With over 6,000 species of coral in the world, these unique animals have a huge range of shapes, colors, and textures. 

Because of their easy maintenance and beautiful features, many people look to include corals in their tanks. SPS corals are some of the most difficult to grow, so many beginners are hesitant to start with them. 

Keep reading to learn everything you need to know about SPS corals for beginners. 

SPS Coral Types

SPS corals, or small polyp stony corals, have encasements that are made up of carbon and other minerals, making this group the hard corals. They are essential to the health of the reef aquarium because they are the backbone of the coral reef. 

If you’re a beginner aquarist, it’s best to stick to only one type of coral in your tanks. Since SPS corals and LPS corals (soft corals) have very different care requirements, it can get tricky for beginners to balance. 

One of the easiest SPS corals to start with is the Montipora coral. There are a few strains of this, including the Blue Polyp Montipora coral. 

SPS Coral Care

One of the most important considerations is light. SPS coral needs moderate to high light intensity. To better control the light, it’s best that you use LED lighting rather than only relying on natural light.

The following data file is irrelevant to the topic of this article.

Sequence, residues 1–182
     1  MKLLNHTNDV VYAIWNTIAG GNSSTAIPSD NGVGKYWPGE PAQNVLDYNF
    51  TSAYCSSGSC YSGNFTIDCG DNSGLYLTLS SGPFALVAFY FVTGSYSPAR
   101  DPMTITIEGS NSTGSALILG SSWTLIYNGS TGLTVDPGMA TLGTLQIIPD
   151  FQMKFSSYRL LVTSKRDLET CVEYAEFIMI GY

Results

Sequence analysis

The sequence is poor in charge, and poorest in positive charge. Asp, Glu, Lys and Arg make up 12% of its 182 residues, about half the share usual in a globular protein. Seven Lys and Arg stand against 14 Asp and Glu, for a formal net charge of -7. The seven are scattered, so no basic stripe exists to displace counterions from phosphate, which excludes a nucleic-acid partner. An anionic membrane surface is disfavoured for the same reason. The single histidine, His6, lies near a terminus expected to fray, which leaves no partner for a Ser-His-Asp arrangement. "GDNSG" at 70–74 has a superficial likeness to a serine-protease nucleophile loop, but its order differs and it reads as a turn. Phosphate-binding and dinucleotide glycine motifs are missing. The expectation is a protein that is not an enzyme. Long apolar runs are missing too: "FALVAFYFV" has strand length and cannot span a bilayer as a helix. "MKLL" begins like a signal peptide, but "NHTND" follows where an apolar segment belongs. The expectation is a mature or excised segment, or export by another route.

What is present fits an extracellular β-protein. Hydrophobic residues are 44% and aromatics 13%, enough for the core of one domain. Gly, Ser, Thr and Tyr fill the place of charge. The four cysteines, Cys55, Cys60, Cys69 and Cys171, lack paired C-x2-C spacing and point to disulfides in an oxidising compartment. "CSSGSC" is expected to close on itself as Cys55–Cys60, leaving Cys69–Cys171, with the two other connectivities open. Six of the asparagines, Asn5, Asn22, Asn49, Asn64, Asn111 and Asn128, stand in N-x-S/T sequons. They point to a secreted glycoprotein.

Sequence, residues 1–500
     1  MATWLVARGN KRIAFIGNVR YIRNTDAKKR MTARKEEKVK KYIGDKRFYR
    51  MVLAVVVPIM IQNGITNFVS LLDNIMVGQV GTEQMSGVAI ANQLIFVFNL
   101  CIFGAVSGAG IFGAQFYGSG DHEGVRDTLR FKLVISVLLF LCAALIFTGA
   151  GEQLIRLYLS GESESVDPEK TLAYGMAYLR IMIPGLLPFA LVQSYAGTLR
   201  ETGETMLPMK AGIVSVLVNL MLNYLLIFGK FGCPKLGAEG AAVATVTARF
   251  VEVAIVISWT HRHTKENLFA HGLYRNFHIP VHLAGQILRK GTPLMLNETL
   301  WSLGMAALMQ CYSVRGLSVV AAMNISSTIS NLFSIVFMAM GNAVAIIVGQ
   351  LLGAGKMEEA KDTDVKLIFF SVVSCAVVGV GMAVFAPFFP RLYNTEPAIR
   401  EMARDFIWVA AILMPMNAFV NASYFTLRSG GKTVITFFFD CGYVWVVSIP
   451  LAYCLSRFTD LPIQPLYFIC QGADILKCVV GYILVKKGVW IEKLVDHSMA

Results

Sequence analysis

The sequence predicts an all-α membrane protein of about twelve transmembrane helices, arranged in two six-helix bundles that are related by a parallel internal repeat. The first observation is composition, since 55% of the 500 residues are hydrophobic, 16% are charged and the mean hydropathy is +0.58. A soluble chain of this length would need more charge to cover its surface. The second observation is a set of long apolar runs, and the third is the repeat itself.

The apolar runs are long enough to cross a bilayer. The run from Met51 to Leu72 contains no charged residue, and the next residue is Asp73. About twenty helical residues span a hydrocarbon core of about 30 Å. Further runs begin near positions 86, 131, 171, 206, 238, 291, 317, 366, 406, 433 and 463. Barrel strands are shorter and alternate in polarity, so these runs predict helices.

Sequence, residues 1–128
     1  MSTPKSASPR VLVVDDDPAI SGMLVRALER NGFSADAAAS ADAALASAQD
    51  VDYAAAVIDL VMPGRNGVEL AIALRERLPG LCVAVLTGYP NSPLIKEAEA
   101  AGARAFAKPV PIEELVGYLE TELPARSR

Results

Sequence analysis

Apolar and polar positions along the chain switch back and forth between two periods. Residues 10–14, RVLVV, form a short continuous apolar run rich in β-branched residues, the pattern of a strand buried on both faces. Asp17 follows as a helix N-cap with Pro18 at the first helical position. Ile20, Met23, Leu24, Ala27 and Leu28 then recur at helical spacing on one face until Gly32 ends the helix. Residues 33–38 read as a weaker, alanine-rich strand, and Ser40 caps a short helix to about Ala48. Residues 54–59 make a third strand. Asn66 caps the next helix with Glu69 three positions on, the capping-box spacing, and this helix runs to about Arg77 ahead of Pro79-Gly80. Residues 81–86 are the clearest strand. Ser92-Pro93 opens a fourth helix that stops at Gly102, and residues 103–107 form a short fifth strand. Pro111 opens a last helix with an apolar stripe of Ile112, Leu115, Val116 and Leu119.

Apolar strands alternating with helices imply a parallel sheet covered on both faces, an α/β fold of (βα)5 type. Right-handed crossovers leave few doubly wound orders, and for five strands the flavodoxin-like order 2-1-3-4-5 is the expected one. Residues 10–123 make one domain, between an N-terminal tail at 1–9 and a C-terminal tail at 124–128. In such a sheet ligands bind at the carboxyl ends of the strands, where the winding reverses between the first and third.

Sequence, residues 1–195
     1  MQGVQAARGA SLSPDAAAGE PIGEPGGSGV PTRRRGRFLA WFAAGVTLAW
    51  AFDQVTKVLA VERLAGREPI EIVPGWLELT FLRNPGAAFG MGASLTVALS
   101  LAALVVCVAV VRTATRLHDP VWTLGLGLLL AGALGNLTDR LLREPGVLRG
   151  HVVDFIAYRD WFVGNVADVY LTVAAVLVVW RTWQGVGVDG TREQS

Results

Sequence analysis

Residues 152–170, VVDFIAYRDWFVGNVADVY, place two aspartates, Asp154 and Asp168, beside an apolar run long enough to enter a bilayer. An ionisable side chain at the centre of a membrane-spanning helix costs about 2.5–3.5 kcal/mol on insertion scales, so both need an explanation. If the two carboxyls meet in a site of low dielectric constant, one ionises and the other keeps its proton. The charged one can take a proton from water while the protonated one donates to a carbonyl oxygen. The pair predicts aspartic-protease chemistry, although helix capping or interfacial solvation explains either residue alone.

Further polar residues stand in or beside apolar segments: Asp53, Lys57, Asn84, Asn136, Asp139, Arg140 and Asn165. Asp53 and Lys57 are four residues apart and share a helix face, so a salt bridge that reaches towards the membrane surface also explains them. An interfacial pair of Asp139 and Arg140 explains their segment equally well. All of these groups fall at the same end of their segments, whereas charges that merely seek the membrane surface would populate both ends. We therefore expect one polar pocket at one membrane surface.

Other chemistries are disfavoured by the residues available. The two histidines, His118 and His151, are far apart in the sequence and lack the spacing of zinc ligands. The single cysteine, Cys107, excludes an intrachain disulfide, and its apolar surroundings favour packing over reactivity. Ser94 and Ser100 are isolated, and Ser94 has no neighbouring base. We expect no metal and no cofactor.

The ideal temperature range for SPS coral is between 77 to 88 degrees Fahrenheit or 25 to 27 degrees Celcius. The ideal pH of the water in the tank is between 8.1 and 8.4. 

You need a substrate to place your coral on. Invest in high-grade reef sand for best results.

When placing the coral in your tank, you want to keep some space between each one, since some corals can get aggressive with their neighbors. Since you want to leave enough space for the coral to grow, it’s best to start with about six inches of space between each one. 

SPS coral grows relatively quickly, so trimming is important. At a minimum, you should trim them once a month. When trimming, cut at an angle so that regrowth is easier. 

You can place these trimmed pieces in a fragging tank to propagate the pieces. This means the coral will continue to grow, provided you give it supplements and support. Once it’s bigger, you can introduce it back into the tank or use it as a new piece in another tank. 

Since SPS coral is in a symbiotic relationship with the zooxanthellae inside of them. This means that with enough light, the coral doesn’t need food to survive. But some people report that extra food helps boost the growth and health of the coral. 

SPS Corals for Beginners

Now that you know the basics of SPS corals for beginners, you can start the aquarium reef of your dreams. 

Keeping these tips in mind will help you pick the easier corals to start with. You’re also armed with the information to keep your coral alive. 

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